I observed a very talented engineering team making a basic mistake today.
I think we often mis-interpret what 'barely sufficient' means in the context of agile software development and delivery. It is mistakenly interpreted as an excuse to cut down requirements. In reality, I believe it really applies more to engineering and design than to requirements. There are two different syndromes to be careful of in a software project - 'scope creep' and 'creeping elegance'.
In an agile methodology, we iterate through cycles of 'design a little', 'code a little', 'test a little'. We embarq on writing software often without fully understanding the problem. I am a big fan of this vs up front. Personally, I pretty much think on the keyboard as I believe, people learn incrementally. That said, I am aware always that there is a risk in this mode until I have a full grasp of the problem. My energy is always directed towards activities or areas that help me flesh out unknowns. Whilst in this mode, I 'hack' for speed and refactor only after I think I have my arms around the business problem.
What I found the team doing was laying the 'foundation' down aka building middleware. That by itself wasnt a problem, however, they had taken their eyes of the business problem and failed to deliver the results in the needed timeframe.
Programming competitions are a great way to teach developers this mindset. You have a fixed duration so you have to be quick. You have to focus on the problem and only the problem .. no deviating onto bunny trails. You have to solve the problem in the simplest quickest way. As engineers, we love complexity so, the last discipline is the hardest.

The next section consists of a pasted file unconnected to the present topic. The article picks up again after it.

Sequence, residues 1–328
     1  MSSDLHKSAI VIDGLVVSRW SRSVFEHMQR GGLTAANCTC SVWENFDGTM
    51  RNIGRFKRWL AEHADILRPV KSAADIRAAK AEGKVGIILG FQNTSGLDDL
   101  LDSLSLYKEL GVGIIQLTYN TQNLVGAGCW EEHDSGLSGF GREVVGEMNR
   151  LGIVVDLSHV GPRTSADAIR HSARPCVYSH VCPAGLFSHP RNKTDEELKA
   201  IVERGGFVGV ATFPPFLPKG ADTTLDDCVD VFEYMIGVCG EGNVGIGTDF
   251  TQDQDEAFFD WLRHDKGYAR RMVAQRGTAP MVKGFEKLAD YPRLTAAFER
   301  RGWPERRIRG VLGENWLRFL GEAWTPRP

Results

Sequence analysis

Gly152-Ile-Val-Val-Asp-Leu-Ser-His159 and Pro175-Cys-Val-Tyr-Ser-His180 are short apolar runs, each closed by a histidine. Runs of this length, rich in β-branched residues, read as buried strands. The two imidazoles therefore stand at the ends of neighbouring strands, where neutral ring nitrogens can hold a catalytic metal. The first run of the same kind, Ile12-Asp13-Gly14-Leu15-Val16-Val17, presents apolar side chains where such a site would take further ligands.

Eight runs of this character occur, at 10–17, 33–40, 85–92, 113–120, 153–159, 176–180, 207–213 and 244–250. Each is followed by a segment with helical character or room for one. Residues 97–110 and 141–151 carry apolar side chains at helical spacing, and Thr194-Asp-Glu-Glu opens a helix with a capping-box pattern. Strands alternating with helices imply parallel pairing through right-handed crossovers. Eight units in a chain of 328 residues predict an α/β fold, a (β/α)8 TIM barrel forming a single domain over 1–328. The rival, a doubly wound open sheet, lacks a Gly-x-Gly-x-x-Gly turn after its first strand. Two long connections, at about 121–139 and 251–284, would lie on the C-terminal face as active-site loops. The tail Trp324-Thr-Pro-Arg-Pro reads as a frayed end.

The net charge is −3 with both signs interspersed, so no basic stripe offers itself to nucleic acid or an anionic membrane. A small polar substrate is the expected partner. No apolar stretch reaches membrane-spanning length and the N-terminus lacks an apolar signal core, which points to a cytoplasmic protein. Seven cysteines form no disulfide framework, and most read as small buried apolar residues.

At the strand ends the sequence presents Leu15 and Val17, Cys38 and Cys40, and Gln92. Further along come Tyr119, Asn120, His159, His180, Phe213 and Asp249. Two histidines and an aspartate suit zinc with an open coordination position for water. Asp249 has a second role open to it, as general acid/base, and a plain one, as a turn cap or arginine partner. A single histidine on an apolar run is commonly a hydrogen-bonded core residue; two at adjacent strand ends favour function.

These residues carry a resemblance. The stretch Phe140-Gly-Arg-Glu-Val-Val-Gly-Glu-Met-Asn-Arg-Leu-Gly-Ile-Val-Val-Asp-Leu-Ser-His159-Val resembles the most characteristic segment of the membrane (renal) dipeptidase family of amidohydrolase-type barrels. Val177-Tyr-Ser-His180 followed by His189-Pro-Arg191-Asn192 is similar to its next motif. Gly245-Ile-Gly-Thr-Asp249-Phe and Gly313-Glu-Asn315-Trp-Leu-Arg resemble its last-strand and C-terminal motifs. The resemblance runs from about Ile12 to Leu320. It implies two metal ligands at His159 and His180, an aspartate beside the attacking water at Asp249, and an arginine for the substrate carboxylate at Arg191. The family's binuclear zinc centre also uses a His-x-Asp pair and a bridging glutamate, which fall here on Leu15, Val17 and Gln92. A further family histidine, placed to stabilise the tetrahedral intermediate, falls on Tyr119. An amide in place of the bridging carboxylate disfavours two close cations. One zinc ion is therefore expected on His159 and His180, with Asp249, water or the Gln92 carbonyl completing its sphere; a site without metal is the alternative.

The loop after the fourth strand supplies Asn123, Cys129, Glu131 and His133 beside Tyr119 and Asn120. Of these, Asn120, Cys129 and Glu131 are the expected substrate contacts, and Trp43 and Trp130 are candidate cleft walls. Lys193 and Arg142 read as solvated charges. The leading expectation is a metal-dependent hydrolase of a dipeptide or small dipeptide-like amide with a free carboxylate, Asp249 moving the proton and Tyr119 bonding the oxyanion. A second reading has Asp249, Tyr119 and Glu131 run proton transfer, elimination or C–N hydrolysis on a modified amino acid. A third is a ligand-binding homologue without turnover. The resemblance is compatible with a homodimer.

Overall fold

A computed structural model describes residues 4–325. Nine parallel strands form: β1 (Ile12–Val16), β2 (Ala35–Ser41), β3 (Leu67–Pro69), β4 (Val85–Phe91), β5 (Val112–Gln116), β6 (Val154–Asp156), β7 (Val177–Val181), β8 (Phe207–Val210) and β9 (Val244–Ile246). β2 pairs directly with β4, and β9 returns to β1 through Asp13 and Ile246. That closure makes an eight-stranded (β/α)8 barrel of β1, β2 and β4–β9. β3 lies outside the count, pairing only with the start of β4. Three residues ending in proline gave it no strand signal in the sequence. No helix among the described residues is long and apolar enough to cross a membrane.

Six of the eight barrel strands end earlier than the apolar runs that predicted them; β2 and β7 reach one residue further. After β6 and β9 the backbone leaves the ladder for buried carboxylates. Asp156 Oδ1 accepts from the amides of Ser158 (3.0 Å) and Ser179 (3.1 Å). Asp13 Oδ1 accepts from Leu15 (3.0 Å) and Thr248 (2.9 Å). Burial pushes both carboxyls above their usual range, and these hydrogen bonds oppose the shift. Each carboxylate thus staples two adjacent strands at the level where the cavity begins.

It’s nice to see you back. I am a real fan of your blogs.
Requirements should be based on the business / service benefits and hence they could be "barely sufficient" if the benefits can be met. I will quote an example but the issue needs to be addressed at a more fundamental level.
However, almost all the time they are not. The requirements are quite often a mash-up of business benefits and the "wish" of the originator. There has to be ways that can capture requirements in such a way that the business problems are "first" addressed and then address the wish list.
The "wish" factors are important from the customer experience perspective but for the techies, they are not as important as the cost, quality, time, performance, scalability and other goodness factors.
Just to cite an example from the automobile industry. The design, engineering and assembly are important for the design and tech team. Those should be decided by the design and engineering community after studying what the market wants (Not the customer). They are the best to do that job. Then comes the configuration bit - color, upholstery, music system etc. Those are similar to the "wish list". Those can be decided by the customer experience or sales teams along with the customer.
Often, in software development, it is very difficult to differentiate between the real requirements and the "wish" and hence teams land up with a lot in their plate.
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